Me: “Grrrr! These guys are just making it up as they go! Everybody is just sitting around waiting for the developers to be finished. No wonder everything is so crappy and full of bugs. There is no structure or process here! ”
Zen Master: “You are wrong. There is structure.”
Zen Master: “Structure comes in two states: implicit or explicit. You are complaining because there is no defined structure. Particularly no structure that has been defined by you.”
As is so often the case in fantasy Zen Stories, the master was right!
There was plenty of structure to the way people worked. It had grown organically based on the way that people wanted to work. It was hard to describe, and it was optimized more for individual happiness than for productivity, but it was there.
It dawned on me then that the best way to effect change was to embrace the practices that were implicit.
And it is the central premise behind Enterprise 2.0 or Social Productivity software. Harnessing the implicit structure of an organization can be the best way to improve it. People are innately social. They like to talk. They like to discuss things. They like to achieve things. They like to share. They like to boast.
It turns out the easiest way to get things done is to optimize the way people innately tend to do them.
Incidentally, If your PM is complaining about a lack of processes, it means that she can’t effectively bring about the cultural change that is required. You should either give her more authority, or hire a new PM. Or you could see if you can rustle up a Zen master to change her mind.
Laurence Hart over at Word of Pie calls us out on our approach to content management . Dean and I are both big fans of his blog, so we were pretty stoked to see a whole post about us.
Laurence raises a lot of valid concerns, all of which we’ve spent loads of time mulling over, and I’ll get to those in a second.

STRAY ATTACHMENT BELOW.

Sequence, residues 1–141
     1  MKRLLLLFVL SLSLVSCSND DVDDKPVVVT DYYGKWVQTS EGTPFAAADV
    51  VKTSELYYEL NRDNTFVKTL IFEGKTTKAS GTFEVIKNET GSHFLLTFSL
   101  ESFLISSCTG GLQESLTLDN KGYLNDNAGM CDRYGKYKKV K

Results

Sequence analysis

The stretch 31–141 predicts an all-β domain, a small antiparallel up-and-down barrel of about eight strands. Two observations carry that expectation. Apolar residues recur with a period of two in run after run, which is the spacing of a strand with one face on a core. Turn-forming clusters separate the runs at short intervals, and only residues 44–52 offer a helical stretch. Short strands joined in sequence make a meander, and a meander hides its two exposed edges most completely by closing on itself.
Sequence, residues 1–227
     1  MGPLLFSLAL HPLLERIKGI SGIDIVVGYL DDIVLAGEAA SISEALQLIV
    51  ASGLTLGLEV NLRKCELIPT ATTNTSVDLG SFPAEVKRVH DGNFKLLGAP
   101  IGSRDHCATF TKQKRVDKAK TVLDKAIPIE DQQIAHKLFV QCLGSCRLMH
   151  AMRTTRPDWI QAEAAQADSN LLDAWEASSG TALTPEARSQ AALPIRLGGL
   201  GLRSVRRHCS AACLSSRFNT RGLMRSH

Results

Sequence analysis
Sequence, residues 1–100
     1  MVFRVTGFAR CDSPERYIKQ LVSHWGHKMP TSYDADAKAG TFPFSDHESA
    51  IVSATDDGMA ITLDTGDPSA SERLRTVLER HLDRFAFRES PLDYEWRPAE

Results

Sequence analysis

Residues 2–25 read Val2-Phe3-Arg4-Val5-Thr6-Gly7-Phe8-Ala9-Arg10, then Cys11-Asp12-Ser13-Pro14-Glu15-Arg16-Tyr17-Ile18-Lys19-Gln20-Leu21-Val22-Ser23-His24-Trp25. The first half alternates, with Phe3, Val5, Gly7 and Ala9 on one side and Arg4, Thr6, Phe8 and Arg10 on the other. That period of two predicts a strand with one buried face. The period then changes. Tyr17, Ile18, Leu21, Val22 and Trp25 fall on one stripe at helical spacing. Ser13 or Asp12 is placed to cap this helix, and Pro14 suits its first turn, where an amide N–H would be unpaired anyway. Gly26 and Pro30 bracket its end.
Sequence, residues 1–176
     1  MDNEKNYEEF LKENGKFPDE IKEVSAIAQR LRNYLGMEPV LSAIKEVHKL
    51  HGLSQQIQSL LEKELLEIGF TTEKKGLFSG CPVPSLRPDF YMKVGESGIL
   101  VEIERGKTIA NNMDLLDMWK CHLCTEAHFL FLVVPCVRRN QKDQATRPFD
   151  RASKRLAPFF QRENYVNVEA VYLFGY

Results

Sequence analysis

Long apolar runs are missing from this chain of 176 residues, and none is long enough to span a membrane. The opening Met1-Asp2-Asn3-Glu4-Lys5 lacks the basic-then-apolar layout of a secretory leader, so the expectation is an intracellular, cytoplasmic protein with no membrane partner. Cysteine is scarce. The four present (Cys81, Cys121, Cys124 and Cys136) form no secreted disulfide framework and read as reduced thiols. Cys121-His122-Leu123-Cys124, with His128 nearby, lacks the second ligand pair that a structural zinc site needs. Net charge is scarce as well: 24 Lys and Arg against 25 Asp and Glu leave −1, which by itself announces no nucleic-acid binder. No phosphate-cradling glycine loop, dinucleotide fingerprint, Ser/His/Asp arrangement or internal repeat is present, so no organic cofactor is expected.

But first, to really understand our solution, you need to know how we got here. Dean and I absolutely understand where Pie is coming from. We have a long history of working in the ECM space with TOWER Software. We’ve read through countless customer requirement lists about compliance, Sarbanes-Oxley, retention, discovery and authoritative versioning. We’ve spent hours designing taxonomies, file plans, and security and access policies. We’ve drafted tender responses, and drawn large Visio diagrams. We’ve written integrations to nearly all the of ECM products in the market today.
After all this effort, once an organization deployed our tailored solution, we’d observe the same pattern. The content management software met the business needs, but it didn’t help the end users. Instead, It got in their way. It often made it harder to find things, and it made them work to understand things that they weren’t specialists in — like taxonomies and retention. User acceptance and training overheads were huge. We had to work like crazy to get people to use our carefully crafted solutions.
OK, you might say — that’s fine. Work isn’t supposed to be fun. You just do what you’re instructed to do. As long as the enterprise as a whole benefits from the solution, the content management program is doing its job.
Except that the enterprises weren’t really benefiting. The push-back from the user community meant that people wouldn’t actively use the solutions to do their daily work. Large, corporate, and eminently scalable repositories all over the world are filling up with dusty, useless content, most of which is almost certainly never going to be seen again. Traditional content management is extremely effective at preserving things. It’s terrible at solving the kinds of tactical problems that people deal with every day. Sure, retention was up. But productivity was down.